I mean, compare that hunter-gatherer life to the dull, soul-sucking corporate slog in a 9-5 we have now. 

I’ll wager most of you reading are spending all day interacting with strangers who often don’t respect you as a human being because you work food service or retail. If not ungrateful customers like them, you’re spending most of your day with coworkers who would gladly stab you in the back for a promotion even if it meant you lost your own job. Maybe your manager is insecure, or getting shit on by their own boss, but they belittle you in front of coworkers or customers and destroy your self-esteem on a semi-regular basis. All the while, the fruits of your labor largely benefit some obscenely wealthy neo-aristocrat or trust fund baby who doesn’t know your name, schemes his way out of paying taxes to help fund your child’s education and would gladly pay pennies on the hour if he could. 

You don’t journey through an exciting new world; you sit in a cubicle or stand behind a register all day, looking at a screen. The company you work for pollutes the local water supply because it’s cheaper to pay the fine than be environmentally conscious. Christmas bonuses are cut for the third year in a row to inflate the quarterly reports to shareholders. They fired the hardworking single mom who was late a few times because she’s been having trouble getting a sitter. The CEO of your company has publicly condemned LGBT people, making you feel like you’re serving the devil, yet you can’t quit or else you’d be out on the street. The car you drive, that you need to drive to get to this job, is ensuring the world your children inherit will be an absolute hellhole.

You don’t get to see your kids until 6 PM—unless your boss wants you to work unpaid last-minute overtime, you’re on-call all the time, or you have a long commute. You notice your daughter, the sweet rambunctious free spirit who brightened your life, who was so happy and curious about the world, is slowly becoming more withdrawn and insecure since starting school. But you’re too tired to do much about that, so you just tell her to smile more. The woman you love can’t get the medicine she needs because of her employer’s “deeply held religious beliefs” (read: unhampered greed) and she was catcalled or groped by some brutish lowlifes on the way home. Defending her honor with your own hands would land you in jail and ruin your family; going to the cops like a good little boy ensures nothing gets done (except, depending on their mood, maybe they shoot your beloved family dog for no reason, or raid the house for the harmless marijuana stash you use to get through a stressful week. Maybe they throw a flashbang grenade into your baby’s crib for good measure.)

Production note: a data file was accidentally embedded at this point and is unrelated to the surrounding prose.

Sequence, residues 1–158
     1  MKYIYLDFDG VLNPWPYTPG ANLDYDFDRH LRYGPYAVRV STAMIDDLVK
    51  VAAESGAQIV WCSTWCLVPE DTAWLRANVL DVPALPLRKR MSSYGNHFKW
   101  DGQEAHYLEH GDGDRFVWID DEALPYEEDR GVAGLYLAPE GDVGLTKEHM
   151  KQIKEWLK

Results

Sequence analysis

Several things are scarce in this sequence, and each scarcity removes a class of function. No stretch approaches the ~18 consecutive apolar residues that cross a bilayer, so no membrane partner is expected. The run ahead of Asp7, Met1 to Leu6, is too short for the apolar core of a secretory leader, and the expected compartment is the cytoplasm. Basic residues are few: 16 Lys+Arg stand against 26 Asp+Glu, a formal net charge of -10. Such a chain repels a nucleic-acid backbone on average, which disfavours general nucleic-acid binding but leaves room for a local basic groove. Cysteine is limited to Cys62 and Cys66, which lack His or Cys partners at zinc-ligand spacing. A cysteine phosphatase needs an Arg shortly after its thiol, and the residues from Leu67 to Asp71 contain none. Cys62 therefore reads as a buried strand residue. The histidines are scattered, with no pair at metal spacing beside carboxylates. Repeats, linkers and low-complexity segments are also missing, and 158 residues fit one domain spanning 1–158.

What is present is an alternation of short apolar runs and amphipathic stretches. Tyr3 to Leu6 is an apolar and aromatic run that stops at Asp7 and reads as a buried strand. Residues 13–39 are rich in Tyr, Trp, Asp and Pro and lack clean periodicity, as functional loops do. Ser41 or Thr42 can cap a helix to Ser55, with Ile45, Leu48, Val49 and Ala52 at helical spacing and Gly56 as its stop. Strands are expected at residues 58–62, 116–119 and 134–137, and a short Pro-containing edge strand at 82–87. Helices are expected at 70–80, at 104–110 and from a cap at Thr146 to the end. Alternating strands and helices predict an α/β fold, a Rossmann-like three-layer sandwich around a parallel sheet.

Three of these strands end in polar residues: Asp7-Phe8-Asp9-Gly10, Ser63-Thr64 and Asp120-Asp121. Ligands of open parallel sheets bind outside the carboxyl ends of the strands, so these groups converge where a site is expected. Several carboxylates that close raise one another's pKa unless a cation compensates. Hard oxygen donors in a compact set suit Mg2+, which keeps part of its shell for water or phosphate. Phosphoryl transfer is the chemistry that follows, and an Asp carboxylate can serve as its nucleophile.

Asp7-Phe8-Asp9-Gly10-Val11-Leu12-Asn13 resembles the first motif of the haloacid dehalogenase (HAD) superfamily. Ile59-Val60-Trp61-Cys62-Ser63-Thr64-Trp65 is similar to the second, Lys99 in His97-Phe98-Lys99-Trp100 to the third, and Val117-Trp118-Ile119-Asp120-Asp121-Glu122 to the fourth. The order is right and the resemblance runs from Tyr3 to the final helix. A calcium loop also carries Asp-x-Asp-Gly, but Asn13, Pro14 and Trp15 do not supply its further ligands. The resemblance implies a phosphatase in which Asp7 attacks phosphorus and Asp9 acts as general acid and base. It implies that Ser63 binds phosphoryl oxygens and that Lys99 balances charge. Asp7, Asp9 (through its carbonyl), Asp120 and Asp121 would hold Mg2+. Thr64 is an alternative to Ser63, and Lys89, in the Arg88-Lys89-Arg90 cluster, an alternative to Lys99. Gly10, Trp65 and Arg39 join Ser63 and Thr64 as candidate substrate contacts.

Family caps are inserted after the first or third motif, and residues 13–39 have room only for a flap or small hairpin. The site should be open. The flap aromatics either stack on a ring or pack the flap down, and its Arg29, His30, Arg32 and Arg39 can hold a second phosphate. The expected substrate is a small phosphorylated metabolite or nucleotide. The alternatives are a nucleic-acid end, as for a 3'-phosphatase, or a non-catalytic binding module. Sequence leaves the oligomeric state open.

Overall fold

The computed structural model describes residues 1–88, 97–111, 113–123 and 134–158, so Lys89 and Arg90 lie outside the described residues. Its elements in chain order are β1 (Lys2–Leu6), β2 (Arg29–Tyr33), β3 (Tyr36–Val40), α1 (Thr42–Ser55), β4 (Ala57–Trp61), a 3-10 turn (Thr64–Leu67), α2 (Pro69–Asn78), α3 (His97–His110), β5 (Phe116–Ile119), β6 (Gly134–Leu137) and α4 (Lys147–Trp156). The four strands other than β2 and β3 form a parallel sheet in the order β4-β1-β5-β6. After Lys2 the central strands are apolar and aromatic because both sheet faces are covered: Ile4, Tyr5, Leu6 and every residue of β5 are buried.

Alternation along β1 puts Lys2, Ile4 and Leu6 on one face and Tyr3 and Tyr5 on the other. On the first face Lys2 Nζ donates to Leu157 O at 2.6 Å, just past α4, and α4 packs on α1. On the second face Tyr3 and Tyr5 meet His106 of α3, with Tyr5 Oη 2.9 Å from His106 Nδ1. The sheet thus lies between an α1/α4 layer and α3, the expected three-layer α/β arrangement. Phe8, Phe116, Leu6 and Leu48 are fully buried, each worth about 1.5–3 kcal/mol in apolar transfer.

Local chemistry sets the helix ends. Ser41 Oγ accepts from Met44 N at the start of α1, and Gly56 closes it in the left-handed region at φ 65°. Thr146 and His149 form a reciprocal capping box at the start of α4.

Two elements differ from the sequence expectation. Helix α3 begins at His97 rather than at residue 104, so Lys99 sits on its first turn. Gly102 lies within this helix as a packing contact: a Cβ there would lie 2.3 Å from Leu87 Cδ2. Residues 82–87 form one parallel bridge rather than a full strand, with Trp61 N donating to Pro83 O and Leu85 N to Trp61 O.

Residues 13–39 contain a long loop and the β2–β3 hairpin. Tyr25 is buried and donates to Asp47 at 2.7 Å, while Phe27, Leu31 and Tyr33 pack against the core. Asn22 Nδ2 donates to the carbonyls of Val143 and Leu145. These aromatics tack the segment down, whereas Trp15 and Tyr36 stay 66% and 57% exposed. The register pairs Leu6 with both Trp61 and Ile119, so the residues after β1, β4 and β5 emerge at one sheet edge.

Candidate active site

I’ve said it multiple times in my day-to-day life: this is not the way humanity was meant to live. And I genuinely believe this lifestyle is slowly killing us all. What we do about it I don’t entirely know, but recognizing the cause may be a useful first step. Personally, I think when man settled, when he chose a spot and called it “my land” is when the rot first set in, however slight it was at first. We stopped appreciating the struggle, our kin, our animal cousins, and tried to dominate the world around us rather than live in harmony with it. We claimed ownership of all the land and every living thing we could, for no other reason than because we could. We were too successful for our own good–we were smart enough to turn the thrilling hunt of an elk into the routine death-camps of factory farming, but not wise enough to consider the long term ramifications of doing so.